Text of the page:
A company’s executives came across excessive cell phone bills, so they asked their manager to review the bills. Naturally, the first thing most people thought was that some employees may be abusing their cell phones to make personal calls. That wasn’t the case.
After doing a little detective work, the manager figured out that the high phone bills resulted from employees having different usage needs and working in different locations. One employee, a frequent traveler, racked up roaming charges whenever he traveled to another country. The company found a better plan to fit the employee’s usage and cut the bill by more than half.
Some clients pay within days of submitting an invoice. Others pay near the end of the 30 days. Both types have been in business for years and continue going strong. Still, those who put off payment until right before the standard 30-day deadline have a slight edge. They keep the money longer.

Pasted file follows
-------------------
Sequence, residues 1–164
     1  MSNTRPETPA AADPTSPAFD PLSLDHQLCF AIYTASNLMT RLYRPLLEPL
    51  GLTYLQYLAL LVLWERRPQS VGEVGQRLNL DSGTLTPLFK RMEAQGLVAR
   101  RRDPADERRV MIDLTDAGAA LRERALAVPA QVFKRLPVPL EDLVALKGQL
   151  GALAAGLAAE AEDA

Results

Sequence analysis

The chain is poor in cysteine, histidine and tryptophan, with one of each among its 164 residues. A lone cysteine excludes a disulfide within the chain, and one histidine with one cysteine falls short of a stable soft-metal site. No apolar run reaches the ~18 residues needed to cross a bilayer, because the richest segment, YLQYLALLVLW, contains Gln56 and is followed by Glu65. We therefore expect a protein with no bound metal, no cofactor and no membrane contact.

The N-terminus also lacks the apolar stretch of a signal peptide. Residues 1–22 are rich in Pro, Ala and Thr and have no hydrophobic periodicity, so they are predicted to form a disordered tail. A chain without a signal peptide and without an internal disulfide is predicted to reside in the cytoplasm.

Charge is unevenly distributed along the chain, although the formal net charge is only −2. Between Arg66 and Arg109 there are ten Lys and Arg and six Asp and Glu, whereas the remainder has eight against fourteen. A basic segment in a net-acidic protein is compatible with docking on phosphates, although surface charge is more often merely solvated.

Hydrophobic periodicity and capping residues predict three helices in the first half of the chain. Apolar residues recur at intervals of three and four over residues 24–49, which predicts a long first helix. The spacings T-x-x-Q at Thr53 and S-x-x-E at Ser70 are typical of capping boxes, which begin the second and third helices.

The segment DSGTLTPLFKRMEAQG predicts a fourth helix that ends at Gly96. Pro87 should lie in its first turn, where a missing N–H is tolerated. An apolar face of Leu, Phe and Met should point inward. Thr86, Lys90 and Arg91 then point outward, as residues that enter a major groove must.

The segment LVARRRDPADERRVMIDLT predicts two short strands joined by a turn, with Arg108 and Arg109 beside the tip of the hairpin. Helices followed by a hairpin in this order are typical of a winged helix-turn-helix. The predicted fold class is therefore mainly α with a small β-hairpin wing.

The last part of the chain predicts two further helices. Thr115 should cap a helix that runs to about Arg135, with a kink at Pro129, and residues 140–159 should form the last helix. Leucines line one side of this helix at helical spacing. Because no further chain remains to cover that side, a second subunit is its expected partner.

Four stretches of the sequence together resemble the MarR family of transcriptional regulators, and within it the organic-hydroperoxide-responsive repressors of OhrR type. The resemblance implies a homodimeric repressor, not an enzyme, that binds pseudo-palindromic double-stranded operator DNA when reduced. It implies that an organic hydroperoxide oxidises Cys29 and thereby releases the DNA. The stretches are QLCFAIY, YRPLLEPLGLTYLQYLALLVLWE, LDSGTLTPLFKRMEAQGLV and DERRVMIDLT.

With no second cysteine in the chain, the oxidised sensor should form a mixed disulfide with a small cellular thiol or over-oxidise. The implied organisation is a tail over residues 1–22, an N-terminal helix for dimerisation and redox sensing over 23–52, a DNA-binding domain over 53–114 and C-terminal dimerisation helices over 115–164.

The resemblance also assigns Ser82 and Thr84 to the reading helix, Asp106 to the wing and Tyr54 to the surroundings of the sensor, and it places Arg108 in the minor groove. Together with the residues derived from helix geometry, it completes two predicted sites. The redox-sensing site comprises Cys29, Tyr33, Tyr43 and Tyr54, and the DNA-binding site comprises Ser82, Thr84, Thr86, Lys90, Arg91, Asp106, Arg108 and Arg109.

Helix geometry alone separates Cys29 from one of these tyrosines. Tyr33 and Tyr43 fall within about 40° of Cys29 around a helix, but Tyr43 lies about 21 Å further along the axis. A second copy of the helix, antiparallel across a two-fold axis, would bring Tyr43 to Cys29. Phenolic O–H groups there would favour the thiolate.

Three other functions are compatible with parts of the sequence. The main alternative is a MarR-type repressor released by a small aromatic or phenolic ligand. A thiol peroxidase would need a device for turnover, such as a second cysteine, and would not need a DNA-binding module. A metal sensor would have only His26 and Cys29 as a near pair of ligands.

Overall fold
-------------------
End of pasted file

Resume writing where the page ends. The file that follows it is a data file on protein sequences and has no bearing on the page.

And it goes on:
Occasionally, a client or two would pay late. Fortunately, some businesses have enough cushion that they aren’t affected but not everyone is in the same boat. It hurts the business when they get paid late.
Business-to-business companies typically give clients 30 days to pay for their products or services. These B2B companies also need to pay their vendors within the same timeframe. And it’s standard business practice to wait until the end of the 30 days before making a payment.
It’s like having an interest-free loan for 30 days as you keep cash longer in your bank account. However, late payments can cause the company’s cash flow to snowball out of control jeopardizing other areas of the business and its relationships with vendors. (There’s a difference between being nice by paying quickly and having the needed cash flow to stay in business.)